Submitted to: Soil Science Society of America Journal
Publication Type: Peer Reviewed Journal
Publication Acceptance Date: December 6, 2003
Publication Date: June 1, 2004
Citation: Su, C., Suarez, D.L. 2004. Boron release from weathering of illites, serpentine,shales, and illitic/palygorskitic soils. Soil Science Society of America Journal. 68(2):96-105. Interpretive Summary: Elevated levels of boron in solution are toxic to plants. Boron toxicity is one of the major factors restricting reuse of agricultural drainage waters in the western U.S. Prediction of boron concentrations in soil solution requires consideration of input water concentrations, concentrating factors such as transpiration, adsorption of boron by soil minerals and release of boron from soil minerals. Boron release by dissolution of soil minerals has not been previously characterized. We identified illite and palygorskite as the source minerals for slow release of boron. We present predictive rate equations to describe the boron release with time, based on results from long term studies of up to one half year. This information can be used to predict which soils will be likely to undergo a rebound in soil boron after leaching soluble boron during reclamation. Utilization of this information increases our ability to predict soil boron concentrations and thus improve leaching and management practices on soils containing elevated levels of boron.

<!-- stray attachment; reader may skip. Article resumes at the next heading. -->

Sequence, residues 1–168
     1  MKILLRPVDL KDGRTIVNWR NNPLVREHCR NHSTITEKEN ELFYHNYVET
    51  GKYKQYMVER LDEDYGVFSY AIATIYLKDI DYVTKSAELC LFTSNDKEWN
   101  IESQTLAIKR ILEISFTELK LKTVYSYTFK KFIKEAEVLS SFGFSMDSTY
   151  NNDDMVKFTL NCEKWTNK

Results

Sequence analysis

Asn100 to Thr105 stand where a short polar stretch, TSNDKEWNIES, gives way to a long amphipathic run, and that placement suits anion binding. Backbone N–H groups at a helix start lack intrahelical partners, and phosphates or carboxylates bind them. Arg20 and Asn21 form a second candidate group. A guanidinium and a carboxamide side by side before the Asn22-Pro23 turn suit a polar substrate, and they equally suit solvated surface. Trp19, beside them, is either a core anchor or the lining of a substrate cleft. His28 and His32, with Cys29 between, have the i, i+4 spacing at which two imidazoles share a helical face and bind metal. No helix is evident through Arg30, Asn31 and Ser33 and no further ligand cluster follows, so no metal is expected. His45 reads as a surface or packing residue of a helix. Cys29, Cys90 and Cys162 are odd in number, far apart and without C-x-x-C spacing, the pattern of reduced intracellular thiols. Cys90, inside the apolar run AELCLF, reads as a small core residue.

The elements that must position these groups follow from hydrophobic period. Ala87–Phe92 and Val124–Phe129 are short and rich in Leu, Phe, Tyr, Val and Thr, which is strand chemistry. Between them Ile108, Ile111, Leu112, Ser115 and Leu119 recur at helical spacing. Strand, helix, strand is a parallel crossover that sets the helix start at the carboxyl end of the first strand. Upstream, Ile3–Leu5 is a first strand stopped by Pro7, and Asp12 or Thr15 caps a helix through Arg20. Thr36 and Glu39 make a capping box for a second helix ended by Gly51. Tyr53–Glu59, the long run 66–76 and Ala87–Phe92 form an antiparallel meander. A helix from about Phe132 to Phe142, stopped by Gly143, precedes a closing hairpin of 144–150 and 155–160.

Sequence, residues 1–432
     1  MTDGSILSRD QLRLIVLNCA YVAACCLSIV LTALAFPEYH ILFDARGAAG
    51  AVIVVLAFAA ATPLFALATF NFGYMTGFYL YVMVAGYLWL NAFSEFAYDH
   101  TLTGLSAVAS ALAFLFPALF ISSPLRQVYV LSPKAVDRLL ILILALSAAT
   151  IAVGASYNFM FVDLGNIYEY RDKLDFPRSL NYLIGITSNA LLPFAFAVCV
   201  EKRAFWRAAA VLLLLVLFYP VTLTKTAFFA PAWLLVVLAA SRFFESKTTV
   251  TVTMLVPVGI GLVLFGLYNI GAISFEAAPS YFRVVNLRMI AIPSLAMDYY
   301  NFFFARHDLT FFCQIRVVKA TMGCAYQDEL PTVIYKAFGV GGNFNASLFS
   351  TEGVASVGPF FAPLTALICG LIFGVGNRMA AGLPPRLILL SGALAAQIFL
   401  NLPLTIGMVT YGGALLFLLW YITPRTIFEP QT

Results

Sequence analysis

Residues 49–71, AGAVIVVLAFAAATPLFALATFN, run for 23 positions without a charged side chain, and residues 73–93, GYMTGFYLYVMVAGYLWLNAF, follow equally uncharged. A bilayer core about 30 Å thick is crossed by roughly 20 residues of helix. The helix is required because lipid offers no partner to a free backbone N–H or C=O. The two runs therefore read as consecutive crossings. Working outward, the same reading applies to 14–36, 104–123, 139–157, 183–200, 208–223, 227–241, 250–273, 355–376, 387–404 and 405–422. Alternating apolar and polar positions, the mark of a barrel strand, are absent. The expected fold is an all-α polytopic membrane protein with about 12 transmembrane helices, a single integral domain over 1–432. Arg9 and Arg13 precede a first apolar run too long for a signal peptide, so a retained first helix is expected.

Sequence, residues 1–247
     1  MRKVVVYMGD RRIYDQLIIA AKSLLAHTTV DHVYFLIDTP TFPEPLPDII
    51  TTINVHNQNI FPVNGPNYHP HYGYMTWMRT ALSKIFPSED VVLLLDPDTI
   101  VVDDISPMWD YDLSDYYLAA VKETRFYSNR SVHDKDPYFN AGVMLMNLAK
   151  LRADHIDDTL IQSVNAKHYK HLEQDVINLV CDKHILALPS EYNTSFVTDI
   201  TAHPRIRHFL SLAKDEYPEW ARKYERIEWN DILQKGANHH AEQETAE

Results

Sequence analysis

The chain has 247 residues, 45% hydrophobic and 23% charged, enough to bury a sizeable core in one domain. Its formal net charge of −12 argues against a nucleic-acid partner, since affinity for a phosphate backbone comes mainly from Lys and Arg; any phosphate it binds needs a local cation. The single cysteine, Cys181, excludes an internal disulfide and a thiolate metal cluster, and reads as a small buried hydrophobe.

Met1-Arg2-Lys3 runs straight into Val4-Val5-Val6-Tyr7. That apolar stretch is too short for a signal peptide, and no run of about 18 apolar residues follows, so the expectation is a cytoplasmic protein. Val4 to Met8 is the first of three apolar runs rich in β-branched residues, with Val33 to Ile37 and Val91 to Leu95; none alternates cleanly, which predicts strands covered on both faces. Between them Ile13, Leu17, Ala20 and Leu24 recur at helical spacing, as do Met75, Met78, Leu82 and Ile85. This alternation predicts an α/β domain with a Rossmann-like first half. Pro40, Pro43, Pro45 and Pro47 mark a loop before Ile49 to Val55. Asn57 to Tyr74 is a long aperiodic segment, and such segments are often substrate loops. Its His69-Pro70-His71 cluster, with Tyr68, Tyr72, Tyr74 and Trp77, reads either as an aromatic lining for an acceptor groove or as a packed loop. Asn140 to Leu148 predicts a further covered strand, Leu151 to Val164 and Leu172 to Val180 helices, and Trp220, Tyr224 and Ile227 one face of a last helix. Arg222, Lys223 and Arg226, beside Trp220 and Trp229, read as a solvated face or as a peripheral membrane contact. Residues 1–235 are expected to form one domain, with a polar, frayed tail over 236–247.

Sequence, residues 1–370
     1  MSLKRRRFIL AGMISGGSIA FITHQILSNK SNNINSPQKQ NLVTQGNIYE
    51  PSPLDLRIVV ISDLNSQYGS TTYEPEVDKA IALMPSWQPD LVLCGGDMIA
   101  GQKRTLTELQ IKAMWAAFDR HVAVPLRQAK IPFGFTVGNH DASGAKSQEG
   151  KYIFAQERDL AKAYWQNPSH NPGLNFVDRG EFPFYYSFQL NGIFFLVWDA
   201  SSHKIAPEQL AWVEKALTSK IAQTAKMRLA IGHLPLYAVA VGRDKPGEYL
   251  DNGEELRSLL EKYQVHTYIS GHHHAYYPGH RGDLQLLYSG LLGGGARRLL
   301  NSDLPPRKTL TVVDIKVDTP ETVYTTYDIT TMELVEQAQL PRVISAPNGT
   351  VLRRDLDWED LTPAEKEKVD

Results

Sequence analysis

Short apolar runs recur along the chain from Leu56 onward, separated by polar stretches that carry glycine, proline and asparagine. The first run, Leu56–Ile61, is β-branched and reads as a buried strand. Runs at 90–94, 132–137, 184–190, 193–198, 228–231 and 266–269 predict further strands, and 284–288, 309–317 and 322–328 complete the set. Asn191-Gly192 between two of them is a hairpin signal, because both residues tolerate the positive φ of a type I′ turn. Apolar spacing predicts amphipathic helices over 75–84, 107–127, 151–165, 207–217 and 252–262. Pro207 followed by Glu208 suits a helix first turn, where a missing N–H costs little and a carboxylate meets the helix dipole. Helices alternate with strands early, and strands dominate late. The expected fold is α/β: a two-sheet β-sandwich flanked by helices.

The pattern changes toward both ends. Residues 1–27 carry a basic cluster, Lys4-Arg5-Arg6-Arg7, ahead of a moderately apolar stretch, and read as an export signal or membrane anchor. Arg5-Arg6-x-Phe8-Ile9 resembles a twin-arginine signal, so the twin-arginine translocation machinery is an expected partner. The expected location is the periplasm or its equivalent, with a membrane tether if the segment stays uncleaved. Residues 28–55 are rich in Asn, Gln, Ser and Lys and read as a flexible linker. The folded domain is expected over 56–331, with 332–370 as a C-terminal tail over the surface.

Technical Abstract: Toxic concentrations of B in salt-affected soils of arid and semiarid areas occur as a result of weathering of B-containing minerals or long term use of high B irrigation waters. Despite extensive research on B adsorption and release from soils, mineral sources of B within natively high B soils remain poorly understood. The objectives of this study were to identify source minerals contributing to the continued B release after extraction of soluble B and to estimate B release rate from weathering of B-containing minerals and soils. Two specimen illites (Morris and Fithian), two shales (Salt Creek and Moreno Gulch), a fresh and a weathering serpentine (antigorite) from the Coastal Range of California, a Traver silt loam (coarse-loamy, mixed, thermic Natric Haploxeralfs) and a Twisselman clay loam [fine, mixed (calcareous), thermic Typic Torriorthents] both containing illite and palygorskite were successively extracted 7 to 26 times following each 12-h equilibration in 0.1 M and 0.01 M CaCl2 solution until the supernatant solutions contained less than the detection limit of 0.001 mmol B L-1. Subsequently, more than 2 mu m and 2-20 mu m size fractions were separated and reacted in deionized water at pH 5, 7, and 9 adjusted with HCl and NaOH. The total B of the separated fractions ranged from 5.1 to 28 mmol B kg-1 and the surface areas from 5.7 to 126 m2 g-1. Boron release rates decreased with time and increasing pH. Average B release rates from 150 to 180 d ranged from 0.005 fmol m-2 s-1 for salt Creek shale (2 - 20 mu m) to 0.342 fmol m-2 s-1 for Traver sil (more than2 mu m) at pH 5, 0.004 fmol m-2 s-1 for salt Creek shale (2 - 20 mu m) to 0.060 fmol m-2 s-1 for Traver sil (more than2 mu m) at ph 7, and 0.002 fmol m-2 s-1 weathering serpentine (2 - 20 mu m) to 0.044 fmol m-2 s-1 for Traver sil (more than2 mu m) at pH 9. Nonstoichiometric dissolution was found for all materials at all pH levels. Illite, chlorite, and palygorskite were identified in the clay and silt fractions fo the soils. Boron release from the two soils was accompanied with high Mg release into the solution, suggesting palygorskite as a major source for B.